Day 15: Dreams From Our Ancestors

{DISCLAIMER: These reflections are solely my reflections from my journey as a Potawatomi woman. They do not reflect the journey or stories of every indigenous person, and it should not be assumed that every indigenous person has the same experiences. Thank you for joining me here. May we grow toward unity together.}




Midnight Memories

When the grandmothers speak, the world will begin to heal. —Hopi Proverb

One night this last summer, I had a vivid dream about my Grandma Downing’s house, the one in Ringling, Oklahoma, with a lot of farmland behind it and a shed next door where my Granddad had his own space. I dreamt about the big trees that my brother and sister climbed, about the attic and the back porch where we ran around with my Uncle Michael and Uncle Damon.

I haven’t seen that house since childhood, and the bits of memories I have are wrapped up in my own heart and family photos and stories of how we played there. But I can still smell the biscuits and bacon and fried eggs, and I can still remember the way Grandma told me not to sing at the table with a stern but loving glimmer in her eye.

I dreamt that a friend of ours bought the house and remodeled it, repurposed it to fit their lifestyle today. They busted out walls and opened wide spaces wider. They invited me to see the newly remodeled space, and when I entered, I walked through the house and wept.

I wept for my father’s mother, a woman that I couldn’t see anymore, a woman I hadn’t seen for years before she died when I was in high school. I wept because I missed her presence, her spirit, which I felt close to as a toddler when I’d run through her yard and kitchen and play with the long strands of pearls that were hanging on her vanity mirror.

I wept because I knew that in reality the house burned down when I was in college and isn’t there anymore. In reality, another house lives there and the memories of my Grandma and Granddad are buried in the dirt where the groundhogs live in the pasture.

I woke from the dream with tears in my eyes, and I couldn’t let go of the memories. I spent the morning recalling, looking through that old house with my mind’s eye, seeing the back porch full of wasp’s nests and old furniture; the kitchen TV that played Wheel of Fortune religiously every evening; the side room with the giant freezer and an extra refrigerator to feed the whole family when they came to visit; the door that opened to the attic stairs, all the way up to that stuffy room where my siblings and cousins played school and read books and pretended to be ghosts; the front porch where the aloe plant stood in the corner and old china dishes sat in a hutch.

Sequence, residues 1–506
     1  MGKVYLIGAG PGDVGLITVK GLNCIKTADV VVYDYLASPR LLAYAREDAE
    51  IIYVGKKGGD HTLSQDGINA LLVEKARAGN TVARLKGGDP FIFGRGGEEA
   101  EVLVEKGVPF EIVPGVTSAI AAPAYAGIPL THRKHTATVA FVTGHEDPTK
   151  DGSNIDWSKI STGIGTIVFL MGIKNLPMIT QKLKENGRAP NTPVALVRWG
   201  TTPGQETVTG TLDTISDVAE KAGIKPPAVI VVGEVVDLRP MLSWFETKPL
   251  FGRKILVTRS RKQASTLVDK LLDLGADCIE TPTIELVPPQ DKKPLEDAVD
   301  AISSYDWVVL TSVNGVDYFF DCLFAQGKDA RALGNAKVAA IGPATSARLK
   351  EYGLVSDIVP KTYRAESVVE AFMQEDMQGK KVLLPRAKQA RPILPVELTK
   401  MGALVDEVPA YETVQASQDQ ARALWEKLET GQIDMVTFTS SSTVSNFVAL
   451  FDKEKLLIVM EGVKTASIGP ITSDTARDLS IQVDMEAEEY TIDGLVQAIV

Something about that place is embedded in who I am, from the tarantula who crawled across the back of my foot to the plants and kittens we played with in the backyard.

Something from that place still invades my senses every now and then, still reminds me that she is there helping shape me all these years later. Her voice still brings me back to all of my ancestors, to indigenous roots that claim me, even today.

That house comes back to see me in a dream, and in her transformation I remember that I am being constantly re-created and molded and formed, constantly sent back to find who I am after all these years, and where she will take me later in life.


Dreams are the funniest things, and

when we ask for them,

you don’t always answer

in the way we’d hope.

Sometimes you answer

in odd and surprising ways,

sometimes calling us back

to something that has

long been forgotten.

And the remembering

can be painful

and hard

and we may not

be willing.

But there

in the quiet of sleep

we find that your presence

leads us into and out of ourselves,

back and forth across thresholds

that we cannot control.

And as we process ourselves,

our life stories, we are thankful that

you cherish them and ask us to recall

key moments, to learn to cherish

our own lives in our own way.

Thank you for that.





This story is from my recently released book, Glory Happening: Finding the Divine in Everyday Places. This is what dreams mean for us, to indigenous peoples as messages and encouragements from the Creator and from our ancestors. They speak to us, help us move forward, remind us of who we are. Without dreams, we miss so much of a world that is longing for us to know it and to know ourselves.


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